There is renewed talk this week about customer relationship management, or CRM, and its place in the cloud. Specifically, the chatter is about whether or not CRM apps like Microsoft Dynamics CRM (and Salesforce.com by default) should be in the cloud.
Well, the talk didn't just start this week. Dan Smith of Altico Advisors, a Microsoft CRM partner serving Massachusetts, noted that the question of putting CRM systems in the cloud is actually a frequent one. As he sees it, it's important for companies to explore CRM options to evaluate cloud solutions -- but it doesn't have to be complicated.
"The biggest difference between CRM on premises and CRM in the cloud comes down to where the server resides. On premises CRM means that the server is in your office," Smith wrote in a blog post on Microsoft's CRM Software Blog.
"And if you choose CRM in the cloud? Well, the server could be almost anywhere, and I can't tell you where 'anywhere' is because that depends on your cloud provider. But I can tell where 'anywhere' is NOT. It's NOT hanging over your head in a mass of white cotton outlined against a robin's-egg-blue sky."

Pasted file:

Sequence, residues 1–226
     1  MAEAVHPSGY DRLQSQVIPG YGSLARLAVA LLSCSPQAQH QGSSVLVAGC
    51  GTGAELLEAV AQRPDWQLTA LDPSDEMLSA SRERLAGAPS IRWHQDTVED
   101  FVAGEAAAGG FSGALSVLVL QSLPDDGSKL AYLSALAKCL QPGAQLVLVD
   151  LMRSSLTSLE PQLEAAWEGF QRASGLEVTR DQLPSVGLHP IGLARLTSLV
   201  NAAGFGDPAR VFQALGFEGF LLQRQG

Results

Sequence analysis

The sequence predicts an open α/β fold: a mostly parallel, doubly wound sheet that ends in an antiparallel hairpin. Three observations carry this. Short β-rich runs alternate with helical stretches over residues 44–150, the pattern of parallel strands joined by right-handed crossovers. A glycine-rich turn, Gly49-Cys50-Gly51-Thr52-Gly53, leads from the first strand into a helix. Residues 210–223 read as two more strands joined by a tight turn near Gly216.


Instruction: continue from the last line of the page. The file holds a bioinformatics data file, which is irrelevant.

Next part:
Reasons for Cloud-Based CRM
Smith also pointed to an exploration of cloud-based CRM on the Web site of Reviora, a cloud provider, called "Cloud Dynamics -- Oxymoron?" as part of the discussion about whether CRM systems like Microsoft Dynamics CRM and Salesforce.com should be in the cloud.
The conclusion there is that Cloud Dynamics indeed is not an oxymoron. To the contrary, putting apps in the cloud is usually the easiest and most cost-effective way to run Microsoft Dynamics CRM, regardless of whether you own the license or not.
"Dedicated server instances can be assigned to the software, e-mail and authentication methods are already set up, preconfigured, and supported, and root access will give you or your implementation partner everything they need," Reviora concluded.
Making Sure the Cloud is Secure
Rob Enderle, principal analyst at the Enderle Group, also sees the cloud as an ideal place for CRM systems -- assuming it's a secure, private cloud. Customer information must remain secure, of course.
Security is always a focus point with CRM applications. If a CRM database is breached, the result is bad publicity and potentially lost customers.
"Having said that, the cloud is a good place to put CRM systems because you want as many authorized people to have access to it as you possibly can," Enderle said. "If an executive or a salesperson is engaging with a customer they can get access to the information and key records and get a sense of what's going on in real-time if you have your CRM system in the cloud.
"If you overly protect the information and isolate it, then you really won't get its benefit."